Some Well-Intentioned Reading Ideas for 2015 (updated)

These are not reading resolutions. Writers promising literary gifts lead me astray too easily for these ideas to be fixed in any way.

This year I read widely covering fifty or so writers, concentrating my reading more deeply only twice on Houellebecq and Anne Carson’s work. In 2015 I’d like to read more deeply into the work of some of my favourite authors: alternative Dante and Homer translations (and Adam Nicholson’s The Mighty Dead: Why Homer Matters) ,  more Ballard’s short stories, always more Beckett, John Berger, Roberto Calasso, more Anne Carson, the new Tom McCarthy, Robert Musil’s diaries, Hélène Cixous, Coetzee, Jenny Diski, Dostoevsky, Marguerite Duras, Pierre Hadot, Houellebecq’s new one if translated next year, Kafka’s short stories, László Krasznahorkai, Clarice Lispector, Bourdieu, Doris Lessing, Nabokov, Alice Oswald, Robert Macfarlane, Nietzsche, Atiq Rahimi, WG Sebald, Thomas Mann, Christa Wolf and Virginia Woolf.

Beyond these ‘old chestnuts’ (as Beckett called his favourite authors) I’m looking forward to unexpected surprises within the pages of the following new books, either missed in 2014 or due in 2015, by authors I have not read before:

  1. Kirmin Uribe – Bilbao – New York – Bilbao
  2. Claudia Rankine – Citizen: An American Lyric
  3. Yvonne Adhiambo Owuor – Dust
  4. Ceridwen Dovey – Only the Animals
  5. Karin Wieland (trans. Shelley Frisch) – Dietrich & Riefenstahl: The dream of the new woman
  6. Can Xue – The Last Lover
  7. Anna Smaill – The Chimes
  8. Han Kang (trans. Deborah Smith) – The Vegetarian
  9. Paul Celan – Breathturn Into Timestead
  10. David Winters – Infinite Fictions: Essays on Literature and Theory

There are several other writers whose older works I’d like to get around to exploring sometime soon including Jens Bjørneboe, Martin Shaw, Ivan Illich, Eva Hoffman, Ivan Goncharov, David Abram, Ágota Kristóf, Rebecca Solnit, Tomas Espedal and Elfriede Jelinek.

As always, distractions are greater than my ambition, but if I manage to take in a decent selection of the above I’m expecting a good year in reading. There are several other titles I have my eye on but I’m mindful of your patience and Molloy’s admission that ‘if you set out to mention everything you would never be done.’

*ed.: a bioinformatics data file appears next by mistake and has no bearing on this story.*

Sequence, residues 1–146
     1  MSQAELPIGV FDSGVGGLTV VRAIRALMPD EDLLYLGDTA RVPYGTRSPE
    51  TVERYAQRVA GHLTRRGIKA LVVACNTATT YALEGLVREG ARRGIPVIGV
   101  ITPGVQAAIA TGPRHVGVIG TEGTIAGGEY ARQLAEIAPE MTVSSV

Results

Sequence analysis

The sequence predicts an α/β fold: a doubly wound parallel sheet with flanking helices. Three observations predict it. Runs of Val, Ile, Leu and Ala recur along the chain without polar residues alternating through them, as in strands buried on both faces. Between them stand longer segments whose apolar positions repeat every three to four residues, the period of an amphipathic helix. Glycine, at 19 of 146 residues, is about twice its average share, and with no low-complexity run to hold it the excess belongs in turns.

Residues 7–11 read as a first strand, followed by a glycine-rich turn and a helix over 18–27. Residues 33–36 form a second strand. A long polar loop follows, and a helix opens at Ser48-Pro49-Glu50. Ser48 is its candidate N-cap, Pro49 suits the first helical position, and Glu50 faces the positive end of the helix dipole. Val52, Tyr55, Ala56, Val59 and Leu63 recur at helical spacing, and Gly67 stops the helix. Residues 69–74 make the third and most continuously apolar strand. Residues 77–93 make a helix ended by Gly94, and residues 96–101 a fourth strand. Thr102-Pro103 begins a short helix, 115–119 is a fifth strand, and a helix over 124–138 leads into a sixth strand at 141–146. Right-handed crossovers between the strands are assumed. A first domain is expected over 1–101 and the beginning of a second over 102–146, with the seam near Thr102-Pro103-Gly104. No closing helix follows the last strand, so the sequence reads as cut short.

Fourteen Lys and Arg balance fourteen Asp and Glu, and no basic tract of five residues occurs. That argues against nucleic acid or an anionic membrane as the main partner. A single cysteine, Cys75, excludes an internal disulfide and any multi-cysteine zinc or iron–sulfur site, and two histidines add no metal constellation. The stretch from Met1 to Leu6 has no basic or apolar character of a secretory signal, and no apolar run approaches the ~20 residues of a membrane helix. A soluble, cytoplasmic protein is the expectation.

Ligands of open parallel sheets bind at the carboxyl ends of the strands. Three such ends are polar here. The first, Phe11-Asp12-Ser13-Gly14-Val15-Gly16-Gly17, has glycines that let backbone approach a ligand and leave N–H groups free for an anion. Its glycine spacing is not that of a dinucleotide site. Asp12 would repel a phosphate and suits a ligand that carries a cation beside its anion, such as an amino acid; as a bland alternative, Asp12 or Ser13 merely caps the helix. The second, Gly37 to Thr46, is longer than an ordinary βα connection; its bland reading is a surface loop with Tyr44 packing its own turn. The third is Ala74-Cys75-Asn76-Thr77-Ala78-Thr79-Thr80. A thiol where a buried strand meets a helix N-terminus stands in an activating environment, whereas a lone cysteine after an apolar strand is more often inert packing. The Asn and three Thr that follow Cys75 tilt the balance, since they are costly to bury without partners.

A Year of Reading: 2011

I have read so many exceptional books this year. Samuel Beckett’s trilogy (Molloy, Malone Dies, The Unnamable) left me breathless, as did the first two volumes of Simone de Beauvoir’s memoirs (Memoirs of a Dutiful Daughter, The Prime of Life). My most recurrent author was Geoff Dyer as I read and reread to complete his oeuvre to date (Otherwise Known as the Human Condition, The Missing of the SommeWorking the RoomParis, Trance and Jeff in Venice, Death in Varanasi), all works of great wit and sensitivity. And there were J. M. Coetzee’s essays (Inner Workings and Stranger Shores), both examples of criticism as works of art in their own right. I finally got around to Thomas Bernhard (Old Masters) and Peter Handke’s work (The Weight of the World and Across), every bit as intoxicating as I’d hoped. Anne Carson’s  translation of An Oresteia was memorable, and only confirmed my wonder for everything she does.

My surprising fiction discoveries (I am always happily surprised to enjoy a new author’s work) were Teju Cole’s exceptionally exquisite Open CityJ. M. Ledgard’s thrilling Submergence (thanks, Nicole), Vyacheslav Pyetsukh’s The New Moscow Philosophy (thanks Michelle) and Jenny Erpenbeck’s haunting Visitation.

Of the non-fiction, Masha Tupitsyn’s Laconia was charming and thought-provoking (to this day), Michael Levenson’s Modernism was the comprehensive history I was seeking. Stach’s Kafka biography leaves me starving for the next volume. My current book, Helen Small’s The Long Life is (so far) brilliant and a superb way to end the year.

I’m not able or willing to pick out a single favourite from either the fiction or non-fiction categories. I read a few books this year I loathed. Given the author is not living I will give Christopher Morley’s Parnassus on Wheels my coveted ‘I Wish I Could Get That Time Back Award’.

Geeky Statistics

  1. 40% of the eighty books I read were in translation (mostly from German), up from 30% last year.
  2. 18% of the books I read were written by women; I am disappointed this is exactly the same as last year.
  3. 52% of the books I read were written by living authors, pretty much the same as 2010.
  4. 58% of the books I read were fiction, up 14% from last year.